Chile Moves To Block Mega Dam Project And Support New Solar Energy …

June 12, 2014 by  
Filed under Green Energy News

Chile has moved to block a controversial dam project proposed by energy companies Endesa and Colbun that would have provided 2,750 mega-watts of energy but was fiercely opposed by environmental advocates including NorthFace founder Douglas Tomkins and his wife Kris, the former CEO of the Patagonia brand.

The project, which had been given partial approval by the previous administration of right-of-center Sebastian Piñera has now been shelved by Chile’s current president, Socialist Michelle Bachelet who entered office in March.

According to Chile’s Environment Minister Paul Badenier, ”A decision was taken to accept the community appeals and void the Environmental Qualification Resolution Resolution that approved HidroAysén; so the project is declared rejected by this administrative act.”

“This project has many aspects that were poorly thought out,” according to Energy Minister Maximo Pacheco.

Juan Pablo Orrego, the international coordinator of the Patagonia Defense Council, explained, “This decision is in line with what we’ve always said: HidroAysén’s impacts could not be mitigated, and in fact could not be evaluated.”

Environmentalists and outdoors enthusiasts have fought hard to block the project, which would have supplied Chile with much-needed electricity, but also disrupted one of the Western Hemisphere’s most pristine natural preserves.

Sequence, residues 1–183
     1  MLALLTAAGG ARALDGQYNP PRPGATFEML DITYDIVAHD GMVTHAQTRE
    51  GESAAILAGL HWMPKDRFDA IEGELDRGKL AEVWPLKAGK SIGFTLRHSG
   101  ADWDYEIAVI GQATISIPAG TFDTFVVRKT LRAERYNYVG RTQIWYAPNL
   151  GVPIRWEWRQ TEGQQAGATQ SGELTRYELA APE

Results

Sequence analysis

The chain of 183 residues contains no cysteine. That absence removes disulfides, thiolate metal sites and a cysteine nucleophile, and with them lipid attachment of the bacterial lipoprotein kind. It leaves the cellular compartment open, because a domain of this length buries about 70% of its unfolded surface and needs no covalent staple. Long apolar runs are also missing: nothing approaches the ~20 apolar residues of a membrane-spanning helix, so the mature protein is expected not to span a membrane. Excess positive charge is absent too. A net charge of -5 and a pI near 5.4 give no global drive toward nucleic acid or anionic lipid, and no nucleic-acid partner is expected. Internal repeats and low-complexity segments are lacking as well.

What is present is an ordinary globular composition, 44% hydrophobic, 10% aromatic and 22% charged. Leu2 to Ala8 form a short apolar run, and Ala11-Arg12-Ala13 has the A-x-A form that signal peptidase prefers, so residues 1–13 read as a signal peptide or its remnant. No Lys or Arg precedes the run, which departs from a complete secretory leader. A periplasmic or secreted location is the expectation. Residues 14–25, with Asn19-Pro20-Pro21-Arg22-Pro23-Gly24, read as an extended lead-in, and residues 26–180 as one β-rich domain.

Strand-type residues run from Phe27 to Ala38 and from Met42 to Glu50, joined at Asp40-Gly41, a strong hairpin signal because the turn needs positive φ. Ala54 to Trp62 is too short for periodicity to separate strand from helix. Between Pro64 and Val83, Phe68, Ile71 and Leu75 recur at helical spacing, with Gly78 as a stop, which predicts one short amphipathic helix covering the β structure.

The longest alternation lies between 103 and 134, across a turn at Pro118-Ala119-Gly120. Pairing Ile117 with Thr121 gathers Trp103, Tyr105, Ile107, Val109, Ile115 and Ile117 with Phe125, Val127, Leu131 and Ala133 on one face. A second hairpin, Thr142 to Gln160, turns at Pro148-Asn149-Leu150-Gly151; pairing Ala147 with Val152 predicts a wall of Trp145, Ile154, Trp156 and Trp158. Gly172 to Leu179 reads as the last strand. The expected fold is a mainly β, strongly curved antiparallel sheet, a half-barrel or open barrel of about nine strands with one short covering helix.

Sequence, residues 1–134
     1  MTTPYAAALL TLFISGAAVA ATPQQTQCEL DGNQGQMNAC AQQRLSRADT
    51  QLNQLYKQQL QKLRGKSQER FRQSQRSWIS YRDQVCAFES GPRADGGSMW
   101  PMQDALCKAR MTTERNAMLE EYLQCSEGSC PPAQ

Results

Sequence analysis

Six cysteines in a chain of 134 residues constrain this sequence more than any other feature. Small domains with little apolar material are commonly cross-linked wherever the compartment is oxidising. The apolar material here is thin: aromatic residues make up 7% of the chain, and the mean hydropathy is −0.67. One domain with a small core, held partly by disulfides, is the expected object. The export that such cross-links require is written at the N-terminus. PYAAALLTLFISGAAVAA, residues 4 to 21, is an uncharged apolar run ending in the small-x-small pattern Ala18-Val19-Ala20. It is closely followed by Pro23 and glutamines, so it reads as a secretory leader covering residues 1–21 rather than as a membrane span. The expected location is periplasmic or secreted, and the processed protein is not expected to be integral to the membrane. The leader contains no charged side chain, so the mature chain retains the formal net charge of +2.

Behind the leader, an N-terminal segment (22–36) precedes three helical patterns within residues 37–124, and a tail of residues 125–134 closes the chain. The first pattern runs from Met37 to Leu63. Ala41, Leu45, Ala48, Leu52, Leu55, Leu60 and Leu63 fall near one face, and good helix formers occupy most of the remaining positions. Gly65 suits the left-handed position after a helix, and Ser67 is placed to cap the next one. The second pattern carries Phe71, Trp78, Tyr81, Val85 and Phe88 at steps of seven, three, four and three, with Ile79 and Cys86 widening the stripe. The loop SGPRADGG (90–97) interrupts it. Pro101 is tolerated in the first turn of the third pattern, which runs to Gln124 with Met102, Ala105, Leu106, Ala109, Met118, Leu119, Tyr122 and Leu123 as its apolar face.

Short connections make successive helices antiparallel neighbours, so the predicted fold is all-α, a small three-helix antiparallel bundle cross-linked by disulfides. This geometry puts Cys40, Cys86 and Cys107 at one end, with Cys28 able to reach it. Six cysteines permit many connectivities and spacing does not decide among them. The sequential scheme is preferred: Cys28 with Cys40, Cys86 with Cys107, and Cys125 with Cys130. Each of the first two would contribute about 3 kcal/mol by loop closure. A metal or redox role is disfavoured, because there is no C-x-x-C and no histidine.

“These giant dams would have put at risk the wilderness, traditional culture, and local tourism economy of this remarkable region,” explained Amanda Maxwell, the Latin America project director at the Natural Resources’ Defence Council, an environmental group.

Chile has moved to block a controversial dam project in Patagonia. (Photo credit: Jeremy Vandel)

Now, Chile will have to look for alternative sources of energy. “Without HidroAysen, the country is starting to turn its back on hydroelectricity – the only real remedy to the continuing dependence on fossil fuels,” Daniel Fernandez, the CEO of HidroAysen, explained.

In 2012 I spoke to former Chilean Presient Ricardo Lagos. He told me, “it’s up to [us] to make sure to take care of the environment… and at the same time use the hydro-capacity.”

“Nevertheless,” he added, “in the future we should be able to promote renewable resources.”

The arid and inhospitable Atacama desert in northern Chile is already home to solar projects operated by Abengoa Abengoa and SunEdison. The same month that her government rejected the Patagonia dam project, Bachelet traveled to the Atacama desert to inaugurate the Amanecer Solar CAP CAP project, currently the largest solar energy project in Latin America.

In her speech at the inauguration President Bachelet explained “Of course we’re taking advantage of the advantages of our geogrpahy and climate. The north of our country offers us…tremendous opportunities for clean, socially accepted energy development.”

Jose Perez, President of SunEdison for Europe, Africa and Latin America, explained: “This plant demonstrates that photovoltaic solar energy is an ideal way of diversifying the energy matrix in Chile, reducing costs and contributing towards meeting the demand for clean and sustainable energy.

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